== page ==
In part B, patients in each of the 2 HCV genotype categories were randomly assigned in a 1:1:1:1 ratio to receive 25 or 100 mg of velpatasvir once daily for 8 weeks or 25 or 100 mg of velpatasvir once daily plus ribavirin in a divided daily dose. All patients received 400 mg of sofosbuvir once daily for 8 weeks. Patients with genotype 1 HCV infection were stratified by HCV subtype (1a vs. 1b).
Sofosbuvir was administered to all patients once daily in a 400-mg tablet. Velpatasvir was administered once daily in 25- or 100-mg tablets. Ribavirin was administered twice daily at a dose of 1000 mg/d (three 200-mg tablets in the morning and two 200-mg tablets in the evening) in patients with a total body weight less than 75 kg and 1200 mg/d (three 200-mg tablets twice daily) in those with a total body weight of 75 kg or greater (16).
Patient randomization was managed by using an interactive Web response system (Bracket). A statistician employed by the sponsor (L.H.) generated the randomization code using a SAS program, which was validated by another statistician employed by the sponsor. Randomization was stratified by HCV genotype and used a block size of 4. Investigators, patients, and trial personnel were not blinded to treatment assignments at any point.
Outcomes and Follow-up
The primary efficacy outcome measure was SVR12, defined as a serum HCV RNA level below the lower limit of quantification (LLOQ) 12 weeks after completion of treatment. The HCV RNA concentration was measured using the Roche COBAS TaqMan HCV Test (v2.0) with the High Pure System, with an LLOQ of 25 IU/mL.
On-treatment virologic failure was defined as an HCV RNA level of at least 25 IU/mL after 8 weeks of therapy. Relapse was defined as an HCV RNA level of at least the LLOQ during the posttreatment follow-up in patients who achieved a level below the LLOQ by the end of treatment. Levels of HCV RNA were measured at posttreatment weeks 4, 8, 12, and 24.
Deep sequencing of the HCV NS5A and NS5B genes was performed from pretreatment plasma samples from all enrolled patients and from posttreatment samples from all patients with virologic failure. NS5A resistance-associated variants (RAVs) were defined as changes from a genotype-specific reference sequence at amino acid positions 28, 30, 31, 32, 58, 92, and 93. NS5B RAVs were defined as any change from the HCV reference sequence at positions 96, 142, 159, 282, 289, 320, and 321.
The analysis set for efficacy and safety included randomly assigned patients who received at least 1 dose of the study drug. No inferential statistics or statistical comparisons were planned or conducted for efficacy or safety data. A 2-sided 95% CI for the proportion of patients with SVR12 within treatment groups was calculated by using the Clopper-Pearson method, which provides the exact CI based on the binomial distribution rather than an approximation to the binomial distribution (17). Patients with missing HCV RNA values for any reason at posttreatment week 12 and after were counted as treatment failures. No formal power or sample size calculations were used to determine group size. With a sample size of 25 patients in each treatment group, a 2-sided 95% exact CI was calculated to extend, at most, 41% in length. We performed all statistical analyses with SAS, version 9.2 (SAS Institute).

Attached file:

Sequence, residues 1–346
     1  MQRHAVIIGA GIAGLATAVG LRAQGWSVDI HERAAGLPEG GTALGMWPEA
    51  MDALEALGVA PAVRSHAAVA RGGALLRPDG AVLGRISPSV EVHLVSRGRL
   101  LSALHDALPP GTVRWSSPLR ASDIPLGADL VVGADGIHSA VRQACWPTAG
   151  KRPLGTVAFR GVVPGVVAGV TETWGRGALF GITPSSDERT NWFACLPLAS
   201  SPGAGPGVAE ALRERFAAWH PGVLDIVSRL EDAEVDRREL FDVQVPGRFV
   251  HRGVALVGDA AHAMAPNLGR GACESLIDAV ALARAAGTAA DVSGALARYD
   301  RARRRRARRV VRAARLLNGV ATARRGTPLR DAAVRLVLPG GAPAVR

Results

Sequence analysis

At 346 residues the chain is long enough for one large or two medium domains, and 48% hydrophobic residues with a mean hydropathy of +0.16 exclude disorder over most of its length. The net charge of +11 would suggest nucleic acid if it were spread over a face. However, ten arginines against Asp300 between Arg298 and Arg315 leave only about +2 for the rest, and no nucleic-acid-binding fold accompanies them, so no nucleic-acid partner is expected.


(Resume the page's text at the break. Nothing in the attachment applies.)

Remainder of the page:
Role of the Funding Source
Gilead Sciences funded this study and was involved in the design of the study; collection, analysis, and interpretation of the data; and the writing of the report.
A total of 469 patients were screened, of whom 377 were randomly assigned and received treatment at 48 sites in the United States, with a median of 8 patients enrolled per site (range, 1 to 26 patients). All 377 patients were included in the final analysis (Figure). Table 1 shows demographic, disease, and baseline characteristics in the treatment groups.
All patients had HCV RNA levels below the LLOQ after 4 weeks of treatment, except for 1 infected with genotype 3 HCV who was randomly assigned to receive sofosbuvir with velpatasvir, 25 mg, for 12 weeks (group 3). This patient had a reduction in HCV RNA level of 5 log10 IU/mL after 4 weeks of treatment but had an HCV RNA level above the LLOQ after 8 weeks, and treatment was discontinued in this patient for virologic nonresponse per protocol (Figure).